So … I am departing from my usual type post and am going to talk about the 21st Century Cures Act (H.R. 6) here. I had never heard of it until a month ago. A much bigger thing should have been made about it. Not only because it will impact all of us, but because both Republicans and Democrats came together to pass the bill in an act of overwhelming bipartisanship. If only we could see a lot more working together. Think what we could do for this country.
I wonder how many of you have ever heard of H.R. 6? It was passed on July 10th of this year. I didn’t hear about it until I was speaking to Senator Pete Sessions in late September. I meant to research it then, but kept forgetting. I heard its name again this week. Because I am once again putting aside my public speaking fears and speaking in Fort Worth next week, I decided it was time to learn a little something about this act.
The purpose of the 21st Century Cures Act is “expediting research and development on debilitating diseases, and making it easier to get important treatments to the patients who need them.” (http://www.theatlantic.com/politics/archive/2015/07/21st-century-cures-act-bipartisan/398369/)
Major highlights of the Act include:
- increasing research collaborations (imagine! working together to find cures!!)
- promoting personalized drug treatments (think biomarkers, targeted therapies)
- streamlining clinical trials by making it easier for pharmaceutical companies to bring drugs to market (will this help reduce the exorbitant cost of drugs? Or, as critics warn, weaken the safety standards?)
- creating incentives for the development of treatments for uncommon but deadly diseases (this surely gets two thumbs up)
- encouraging young scientists to stay in the research field (huge!)
- providing more funding to National Institutes of Health (NIH) ($1.75 billion per year for the next five years) and the Food and Drug Administration (FDA) ($110 million per year)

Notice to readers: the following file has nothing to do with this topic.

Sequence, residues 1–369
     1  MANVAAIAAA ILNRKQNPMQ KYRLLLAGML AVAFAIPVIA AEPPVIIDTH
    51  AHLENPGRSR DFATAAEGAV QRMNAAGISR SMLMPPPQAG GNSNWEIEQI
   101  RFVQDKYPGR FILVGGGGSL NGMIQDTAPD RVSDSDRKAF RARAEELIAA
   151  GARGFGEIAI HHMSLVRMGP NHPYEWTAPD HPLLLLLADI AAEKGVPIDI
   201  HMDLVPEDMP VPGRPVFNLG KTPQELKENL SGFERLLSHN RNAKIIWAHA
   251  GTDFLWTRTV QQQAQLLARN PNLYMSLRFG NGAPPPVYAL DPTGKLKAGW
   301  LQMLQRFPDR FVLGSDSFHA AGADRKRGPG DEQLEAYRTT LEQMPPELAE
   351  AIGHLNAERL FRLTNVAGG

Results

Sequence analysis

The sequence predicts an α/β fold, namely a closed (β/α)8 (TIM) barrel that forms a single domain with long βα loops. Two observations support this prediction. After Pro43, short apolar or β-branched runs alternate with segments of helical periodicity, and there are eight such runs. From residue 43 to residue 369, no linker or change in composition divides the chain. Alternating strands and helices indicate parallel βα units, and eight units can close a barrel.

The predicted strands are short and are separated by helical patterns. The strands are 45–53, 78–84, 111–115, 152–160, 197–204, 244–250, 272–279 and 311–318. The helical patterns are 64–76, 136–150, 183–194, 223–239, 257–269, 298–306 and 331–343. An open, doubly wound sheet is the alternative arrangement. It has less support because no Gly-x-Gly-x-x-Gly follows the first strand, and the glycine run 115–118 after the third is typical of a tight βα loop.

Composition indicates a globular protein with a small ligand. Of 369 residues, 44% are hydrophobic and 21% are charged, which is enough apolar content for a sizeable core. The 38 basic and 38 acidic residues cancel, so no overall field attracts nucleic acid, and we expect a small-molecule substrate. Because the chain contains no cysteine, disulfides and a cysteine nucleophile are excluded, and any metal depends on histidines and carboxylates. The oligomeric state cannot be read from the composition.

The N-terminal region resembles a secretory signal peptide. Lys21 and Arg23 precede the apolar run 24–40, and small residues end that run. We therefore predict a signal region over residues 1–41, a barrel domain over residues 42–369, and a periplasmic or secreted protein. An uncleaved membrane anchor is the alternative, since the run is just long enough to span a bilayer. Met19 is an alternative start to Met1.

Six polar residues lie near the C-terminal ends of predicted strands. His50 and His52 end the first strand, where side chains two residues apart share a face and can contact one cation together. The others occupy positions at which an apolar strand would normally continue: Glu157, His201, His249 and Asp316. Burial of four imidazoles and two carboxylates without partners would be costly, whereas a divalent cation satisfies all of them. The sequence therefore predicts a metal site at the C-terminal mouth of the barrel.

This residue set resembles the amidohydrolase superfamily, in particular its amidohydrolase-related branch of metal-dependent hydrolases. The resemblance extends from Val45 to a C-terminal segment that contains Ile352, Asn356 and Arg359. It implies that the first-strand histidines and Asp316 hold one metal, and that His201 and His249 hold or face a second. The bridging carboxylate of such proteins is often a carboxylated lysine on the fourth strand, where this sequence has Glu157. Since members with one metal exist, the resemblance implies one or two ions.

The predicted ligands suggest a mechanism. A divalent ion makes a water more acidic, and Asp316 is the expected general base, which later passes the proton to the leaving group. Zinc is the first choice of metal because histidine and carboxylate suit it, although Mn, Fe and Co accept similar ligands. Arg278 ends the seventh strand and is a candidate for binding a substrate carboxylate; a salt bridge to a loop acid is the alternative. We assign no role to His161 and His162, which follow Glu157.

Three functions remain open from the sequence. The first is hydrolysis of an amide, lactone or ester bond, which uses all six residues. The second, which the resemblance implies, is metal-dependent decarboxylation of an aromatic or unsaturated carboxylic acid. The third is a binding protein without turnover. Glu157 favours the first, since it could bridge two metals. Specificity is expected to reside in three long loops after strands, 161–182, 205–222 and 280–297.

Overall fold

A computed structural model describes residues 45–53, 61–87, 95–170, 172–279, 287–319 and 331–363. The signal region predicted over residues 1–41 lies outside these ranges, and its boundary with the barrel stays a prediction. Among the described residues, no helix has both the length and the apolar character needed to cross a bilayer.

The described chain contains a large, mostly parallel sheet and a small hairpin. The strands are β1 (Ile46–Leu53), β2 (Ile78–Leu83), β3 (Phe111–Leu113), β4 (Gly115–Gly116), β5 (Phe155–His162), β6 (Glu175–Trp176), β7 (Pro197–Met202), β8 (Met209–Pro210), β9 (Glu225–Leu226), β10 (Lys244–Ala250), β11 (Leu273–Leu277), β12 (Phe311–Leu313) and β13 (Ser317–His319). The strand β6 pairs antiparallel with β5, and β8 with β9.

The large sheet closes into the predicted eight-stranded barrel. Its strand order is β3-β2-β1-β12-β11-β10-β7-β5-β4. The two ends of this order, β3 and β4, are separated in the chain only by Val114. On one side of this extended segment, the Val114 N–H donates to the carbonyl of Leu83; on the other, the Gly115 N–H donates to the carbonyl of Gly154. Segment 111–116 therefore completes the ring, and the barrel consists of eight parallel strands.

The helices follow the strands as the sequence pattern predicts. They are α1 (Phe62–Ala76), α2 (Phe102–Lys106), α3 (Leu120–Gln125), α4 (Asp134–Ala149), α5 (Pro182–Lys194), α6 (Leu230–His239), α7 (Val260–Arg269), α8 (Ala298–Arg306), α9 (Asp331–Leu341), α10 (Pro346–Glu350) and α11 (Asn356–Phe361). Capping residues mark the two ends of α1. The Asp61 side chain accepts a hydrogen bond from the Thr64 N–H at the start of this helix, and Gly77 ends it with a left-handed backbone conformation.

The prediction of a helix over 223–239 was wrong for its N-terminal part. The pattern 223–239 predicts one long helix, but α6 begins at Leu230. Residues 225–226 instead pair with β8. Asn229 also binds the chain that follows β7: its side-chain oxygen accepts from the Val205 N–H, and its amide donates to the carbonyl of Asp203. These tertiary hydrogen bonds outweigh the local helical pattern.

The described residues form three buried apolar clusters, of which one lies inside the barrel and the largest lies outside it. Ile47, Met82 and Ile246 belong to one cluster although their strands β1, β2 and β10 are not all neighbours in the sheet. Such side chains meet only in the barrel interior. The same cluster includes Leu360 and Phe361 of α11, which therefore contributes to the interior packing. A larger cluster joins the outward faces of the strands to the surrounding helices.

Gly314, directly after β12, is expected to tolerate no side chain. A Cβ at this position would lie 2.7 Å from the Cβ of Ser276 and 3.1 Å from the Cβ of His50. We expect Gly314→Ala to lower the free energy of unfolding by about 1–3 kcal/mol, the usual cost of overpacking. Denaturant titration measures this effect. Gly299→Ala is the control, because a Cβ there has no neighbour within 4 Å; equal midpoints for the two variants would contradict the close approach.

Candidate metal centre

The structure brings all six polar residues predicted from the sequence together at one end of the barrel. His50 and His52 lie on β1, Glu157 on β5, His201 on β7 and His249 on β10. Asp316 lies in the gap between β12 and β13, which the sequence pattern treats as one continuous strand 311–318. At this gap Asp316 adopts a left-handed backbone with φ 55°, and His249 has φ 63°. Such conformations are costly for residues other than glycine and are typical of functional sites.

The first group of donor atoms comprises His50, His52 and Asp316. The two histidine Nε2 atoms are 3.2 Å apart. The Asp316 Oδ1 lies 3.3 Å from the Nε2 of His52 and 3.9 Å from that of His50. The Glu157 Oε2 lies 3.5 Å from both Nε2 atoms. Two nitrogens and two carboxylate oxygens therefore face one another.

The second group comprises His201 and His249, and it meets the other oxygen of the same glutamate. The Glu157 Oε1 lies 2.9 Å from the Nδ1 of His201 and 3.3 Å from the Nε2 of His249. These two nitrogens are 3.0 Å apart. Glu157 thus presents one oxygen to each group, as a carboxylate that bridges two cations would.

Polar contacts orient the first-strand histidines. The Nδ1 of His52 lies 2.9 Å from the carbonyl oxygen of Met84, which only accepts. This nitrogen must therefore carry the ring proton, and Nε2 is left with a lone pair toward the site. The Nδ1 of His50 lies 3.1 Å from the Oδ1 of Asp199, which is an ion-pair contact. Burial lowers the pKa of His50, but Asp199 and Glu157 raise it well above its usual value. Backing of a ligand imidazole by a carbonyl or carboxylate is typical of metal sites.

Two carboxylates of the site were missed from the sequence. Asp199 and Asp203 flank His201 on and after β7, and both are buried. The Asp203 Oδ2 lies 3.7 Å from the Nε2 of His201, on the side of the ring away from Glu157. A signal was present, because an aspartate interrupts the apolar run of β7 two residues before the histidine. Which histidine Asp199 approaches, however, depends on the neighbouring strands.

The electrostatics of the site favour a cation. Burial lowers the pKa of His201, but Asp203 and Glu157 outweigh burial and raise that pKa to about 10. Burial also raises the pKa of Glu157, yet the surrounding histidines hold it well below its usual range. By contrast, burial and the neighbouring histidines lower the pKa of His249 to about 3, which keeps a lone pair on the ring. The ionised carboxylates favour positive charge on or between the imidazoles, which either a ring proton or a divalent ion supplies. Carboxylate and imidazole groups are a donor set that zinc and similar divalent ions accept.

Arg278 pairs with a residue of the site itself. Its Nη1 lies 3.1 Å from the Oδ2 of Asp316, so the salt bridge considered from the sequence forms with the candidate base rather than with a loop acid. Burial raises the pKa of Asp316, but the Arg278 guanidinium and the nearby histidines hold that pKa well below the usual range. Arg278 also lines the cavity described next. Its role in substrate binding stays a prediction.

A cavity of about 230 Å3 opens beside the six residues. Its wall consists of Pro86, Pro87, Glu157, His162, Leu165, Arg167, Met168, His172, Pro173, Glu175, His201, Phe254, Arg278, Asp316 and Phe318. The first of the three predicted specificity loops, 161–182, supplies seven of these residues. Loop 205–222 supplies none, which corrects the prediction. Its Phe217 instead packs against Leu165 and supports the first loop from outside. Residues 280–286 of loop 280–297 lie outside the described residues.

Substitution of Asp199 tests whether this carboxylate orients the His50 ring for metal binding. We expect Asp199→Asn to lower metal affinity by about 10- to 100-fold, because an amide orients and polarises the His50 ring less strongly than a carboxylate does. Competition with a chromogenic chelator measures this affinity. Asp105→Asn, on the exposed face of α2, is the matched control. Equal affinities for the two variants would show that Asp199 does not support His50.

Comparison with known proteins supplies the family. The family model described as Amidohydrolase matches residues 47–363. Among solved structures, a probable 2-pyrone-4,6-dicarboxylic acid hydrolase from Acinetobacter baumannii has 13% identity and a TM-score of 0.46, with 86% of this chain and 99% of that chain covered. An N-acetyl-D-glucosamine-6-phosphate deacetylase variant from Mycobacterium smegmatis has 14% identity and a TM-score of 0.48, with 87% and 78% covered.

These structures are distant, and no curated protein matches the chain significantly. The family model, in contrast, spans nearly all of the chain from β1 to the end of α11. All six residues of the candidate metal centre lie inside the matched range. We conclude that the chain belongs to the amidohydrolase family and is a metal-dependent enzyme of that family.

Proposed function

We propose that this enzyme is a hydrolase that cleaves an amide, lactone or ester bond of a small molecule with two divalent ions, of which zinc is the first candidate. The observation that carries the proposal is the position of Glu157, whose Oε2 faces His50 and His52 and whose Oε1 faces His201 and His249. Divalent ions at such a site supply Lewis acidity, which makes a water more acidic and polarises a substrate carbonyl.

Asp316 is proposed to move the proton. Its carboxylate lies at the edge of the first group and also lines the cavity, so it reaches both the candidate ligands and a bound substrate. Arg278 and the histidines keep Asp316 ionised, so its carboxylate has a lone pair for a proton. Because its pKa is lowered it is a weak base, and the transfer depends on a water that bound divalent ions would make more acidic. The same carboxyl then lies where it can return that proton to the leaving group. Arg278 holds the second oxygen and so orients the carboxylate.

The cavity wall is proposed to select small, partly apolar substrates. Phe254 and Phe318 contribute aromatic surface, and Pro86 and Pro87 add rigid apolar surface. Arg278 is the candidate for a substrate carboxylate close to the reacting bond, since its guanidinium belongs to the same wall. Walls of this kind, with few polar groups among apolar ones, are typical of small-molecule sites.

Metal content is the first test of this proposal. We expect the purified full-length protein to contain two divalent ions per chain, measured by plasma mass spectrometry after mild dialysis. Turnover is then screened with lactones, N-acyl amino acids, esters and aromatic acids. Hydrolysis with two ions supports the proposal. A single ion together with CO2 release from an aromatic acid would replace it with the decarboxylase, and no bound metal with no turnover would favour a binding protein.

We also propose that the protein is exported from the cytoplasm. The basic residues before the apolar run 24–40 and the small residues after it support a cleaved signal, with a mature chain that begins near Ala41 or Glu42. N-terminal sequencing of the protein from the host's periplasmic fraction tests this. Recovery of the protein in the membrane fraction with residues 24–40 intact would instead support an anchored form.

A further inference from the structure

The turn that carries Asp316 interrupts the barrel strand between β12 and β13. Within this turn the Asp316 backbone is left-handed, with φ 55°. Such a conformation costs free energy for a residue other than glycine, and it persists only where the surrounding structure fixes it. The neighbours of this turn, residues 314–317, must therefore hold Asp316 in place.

- Passed through House Energy and Commerce committee with a 51-0 vote (nearly unheard of in today’s climate, especially for a bill that is termed “substantive and substantial”)
- Funding will come, in part, from a modest reduction of the Strategic Petroleum Reserve (SPR)
- Bringing new drugs to the market can cost hundreds of millions of dollars (or more), meaning promising ideas are abandoned or tabled.
- For every 5,000 to 10,000 promising treatments, only one or two end up in the marketplace
- Finding a cure or effective treatments for the more than 5 million US citizens who suffer from Alzheimer’s could cost the federal government $15 trillion over the next 40 years; currently the disease accounts for nearly $140 billion per year in Medicare and Medicaid payments.
- The FDA would be required to listen to patient voices/experiences when approving experimental drugs and devices
- Patient-generated registries would be used to recruit participants in clinical trials
- Genetic testing would determine a patient’s predisposition to respond to targeted therapies
Take the time to learn more. Then, email any comments you have about this initiative to email@example.com (note: submissions to this email address will be made publicly available on energycommerce.house.gov/cures)